Together in Britain and Ireland have produced a
Briefing paper. go to ctbi.org.uk and follow the ‘Trident’ link
from the Churches
1. Free Churches and Church of England.
The leaders of the Baptist, Methodist and United
Reformed Churches have condemned the plans to spend
up to £20 billion for replacement submarines
for Trident missiles.
Archbishop Rowan Williams has said he is "disturbed" by
the proposals and questioned whether they were
truly compatible with Britain's obligations under
its various non-proliferation treaties. Dr Williams
also questioned the cost of the programme against
a background of reductions that were putting acute
pressure on the armed services.
The Prime Minister's plans to spend up to £20
billion on replacement submarines for Trident missiles
must be open to review, the Archbishop of Canterbury
has said. And leaders of the Baptist, Methodist
and United Reformed Churches have already condemned
the plans. Archbishop Rowan Williams said he was
'disturbed' by the proposals and questioned whether
they were truly compatible with Britain's obligations
under its various non-proliferation treaties. 'And
if it is not in breach, what message does the programme
give?' he asked. Dr Williams also questioned the
cost of the programme against a background of reductions
that were putting acute pressure on the armed services.
The free church leaders were even more direct,
urging the Government to 'rid the world of weapons
of mass destruction' and saying Trident 'would
send the wrong message to aspiring nuclear powers'.
Source for summary: Moravian Messenger Jan 2007,
2. Catholic Bishops Call on UK Government
to Set the Example by Decommissioning Nuclear Weapons
The very existence of nuclear weapons has always
posed grave moral questions. Their uniquely destructive
power means that they belong in a different category
from any other weapons; this has always been recognised
in the particular attention with which they have
been regarded by the Holy See and by our own Bishops?
Conference. In his World Day of Peace message for
2006, Pope Benedict XVI, in pressing for progressive
and concerted nuclear disarmament, argues powerfully
that the retention of nuclear weapons does not
enhance the security of their possessors or the
peace of the world.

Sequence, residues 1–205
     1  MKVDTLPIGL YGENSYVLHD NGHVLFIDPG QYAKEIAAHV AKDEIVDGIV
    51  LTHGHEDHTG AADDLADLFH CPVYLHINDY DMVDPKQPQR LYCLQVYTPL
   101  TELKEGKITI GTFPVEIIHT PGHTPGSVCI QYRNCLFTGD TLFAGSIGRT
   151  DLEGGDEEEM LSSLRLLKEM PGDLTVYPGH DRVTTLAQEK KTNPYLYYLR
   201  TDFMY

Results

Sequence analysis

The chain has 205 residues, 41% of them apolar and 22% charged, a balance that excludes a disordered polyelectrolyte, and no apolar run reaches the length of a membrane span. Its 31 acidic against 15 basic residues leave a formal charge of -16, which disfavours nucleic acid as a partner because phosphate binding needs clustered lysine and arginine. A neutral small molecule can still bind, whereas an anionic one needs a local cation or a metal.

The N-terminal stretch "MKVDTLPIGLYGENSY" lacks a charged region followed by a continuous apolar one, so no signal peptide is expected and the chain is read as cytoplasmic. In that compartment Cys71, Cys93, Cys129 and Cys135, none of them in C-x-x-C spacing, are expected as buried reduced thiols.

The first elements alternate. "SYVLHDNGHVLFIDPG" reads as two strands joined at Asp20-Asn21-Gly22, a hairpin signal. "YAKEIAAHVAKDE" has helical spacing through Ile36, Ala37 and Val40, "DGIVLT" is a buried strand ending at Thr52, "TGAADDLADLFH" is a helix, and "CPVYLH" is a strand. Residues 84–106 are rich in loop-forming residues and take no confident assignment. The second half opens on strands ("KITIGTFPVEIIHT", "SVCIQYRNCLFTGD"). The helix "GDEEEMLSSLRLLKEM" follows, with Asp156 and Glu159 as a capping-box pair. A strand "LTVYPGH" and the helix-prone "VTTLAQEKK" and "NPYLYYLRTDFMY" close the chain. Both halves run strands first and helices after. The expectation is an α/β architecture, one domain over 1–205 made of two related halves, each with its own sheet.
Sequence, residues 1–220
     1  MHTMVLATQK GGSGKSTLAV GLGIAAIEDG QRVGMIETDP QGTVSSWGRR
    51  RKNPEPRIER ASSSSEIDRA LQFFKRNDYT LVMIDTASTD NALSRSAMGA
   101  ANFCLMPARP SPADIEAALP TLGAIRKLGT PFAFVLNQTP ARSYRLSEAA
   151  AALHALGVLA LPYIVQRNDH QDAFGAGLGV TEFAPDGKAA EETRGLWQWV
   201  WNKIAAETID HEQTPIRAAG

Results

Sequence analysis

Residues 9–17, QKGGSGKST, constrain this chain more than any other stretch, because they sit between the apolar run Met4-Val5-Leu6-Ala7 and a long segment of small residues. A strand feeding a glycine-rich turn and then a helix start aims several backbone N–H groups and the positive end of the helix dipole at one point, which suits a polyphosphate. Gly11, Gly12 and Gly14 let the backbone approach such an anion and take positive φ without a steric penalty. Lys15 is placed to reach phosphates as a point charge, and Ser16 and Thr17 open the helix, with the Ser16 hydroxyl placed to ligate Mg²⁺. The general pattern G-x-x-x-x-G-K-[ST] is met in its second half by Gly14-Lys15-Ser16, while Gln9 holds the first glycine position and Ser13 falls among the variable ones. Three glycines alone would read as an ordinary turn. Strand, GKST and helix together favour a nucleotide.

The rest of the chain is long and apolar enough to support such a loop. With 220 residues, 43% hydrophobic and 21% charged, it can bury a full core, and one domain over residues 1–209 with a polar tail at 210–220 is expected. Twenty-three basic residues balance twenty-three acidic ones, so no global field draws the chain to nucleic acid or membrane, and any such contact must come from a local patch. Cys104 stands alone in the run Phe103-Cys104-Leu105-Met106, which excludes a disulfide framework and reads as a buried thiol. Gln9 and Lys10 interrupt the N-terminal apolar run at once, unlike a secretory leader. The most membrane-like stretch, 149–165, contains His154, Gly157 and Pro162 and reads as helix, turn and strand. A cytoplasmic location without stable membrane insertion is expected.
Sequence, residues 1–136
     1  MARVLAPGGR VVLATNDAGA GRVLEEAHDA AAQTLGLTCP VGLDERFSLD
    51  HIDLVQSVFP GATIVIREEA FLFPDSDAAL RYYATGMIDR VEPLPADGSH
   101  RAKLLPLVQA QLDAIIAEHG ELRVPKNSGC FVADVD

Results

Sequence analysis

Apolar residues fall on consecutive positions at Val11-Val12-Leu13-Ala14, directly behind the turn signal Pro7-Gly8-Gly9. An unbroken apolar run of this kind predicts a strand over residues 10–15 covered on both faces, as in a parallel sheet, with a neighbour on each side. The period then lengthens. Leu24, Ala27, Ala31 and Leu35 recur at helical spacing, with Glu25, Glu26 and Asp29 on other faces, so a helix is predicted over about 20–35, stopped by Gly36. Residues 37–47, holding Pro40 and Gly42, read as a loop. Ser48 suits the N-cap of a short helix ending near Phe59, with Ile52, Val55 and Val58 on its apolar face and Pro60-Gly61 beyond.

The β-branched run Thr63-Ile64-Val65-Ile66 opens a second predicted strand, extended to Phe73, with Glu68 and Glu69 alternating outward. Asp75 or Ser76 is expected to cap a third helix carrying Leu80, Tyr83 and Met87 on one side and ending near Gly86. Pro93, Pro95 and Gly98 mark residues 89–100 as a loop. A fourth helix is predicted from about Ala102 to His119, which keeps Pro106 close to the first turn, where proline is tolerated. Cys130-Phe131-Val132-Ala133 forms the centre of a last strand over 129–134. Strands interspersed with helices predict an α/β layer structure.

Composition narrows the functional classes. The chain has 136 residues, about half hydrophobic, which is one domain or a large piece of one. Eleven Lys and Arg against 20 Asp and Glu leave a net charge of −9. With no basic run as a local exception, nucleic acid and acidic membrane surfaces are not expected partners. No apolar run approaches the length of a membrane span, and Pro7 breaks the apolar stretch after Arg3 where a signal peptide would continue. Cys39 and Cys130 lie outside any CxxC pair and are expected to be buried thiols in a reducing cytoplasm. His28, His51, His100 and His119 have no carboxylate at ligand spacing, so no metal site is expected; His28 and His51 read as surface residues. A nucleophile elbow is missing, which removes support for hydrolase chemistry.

The United Kingdom is now at a moral and strategic
crossroads. Its present nuclear-weapon capability
is not expected to be sustainable beyond the early
2020s without major new investment in renewal or
replacement. Initial decisions about its continuance
need to be taken within the lifetime of the present
Parliament, which could extend to 2010.
The Church has always been clear in its teaching
about the vital necessity for eventual total nuclear
disarmament. Our judgement is that, by decommissioning
its nuclear weapons, the UK now has a unique opportunity
to offer the international community an approach
to security and legitimate self-defence without
the unconscionable threat of nuclear destruction.
At the same time it could give a new impetus to
the wider process towards total nuclear disarmament.
We recognise the Government's grave responsibilities
in these matters of security, both for our countries
and the wider world. We urge the government to
take a long-term view and act with courageous leadership
by seeking to make this breakthrough towards total
For further information, please
contact the CCN
t. 020 7901 4800 e. email@example.com
3. A Quaker view
Submission to Defence Select Committee on the future
1.1 The Religious Society of Friends in Britain
is a religious denomination with 16,000 members
in 470 worshipping communities. We are committed
to working for peaceful and effective responses
to violence and social injustice.
1.2 We welcome the opportunity of submitting evidence
to the Defence Select Committee on the Future of
Trident but are concerned at the lack of time available
for preparing a submission on an issue of such
gravity. A call for evidence, allowing less than
a month for preparation, especially when coinciding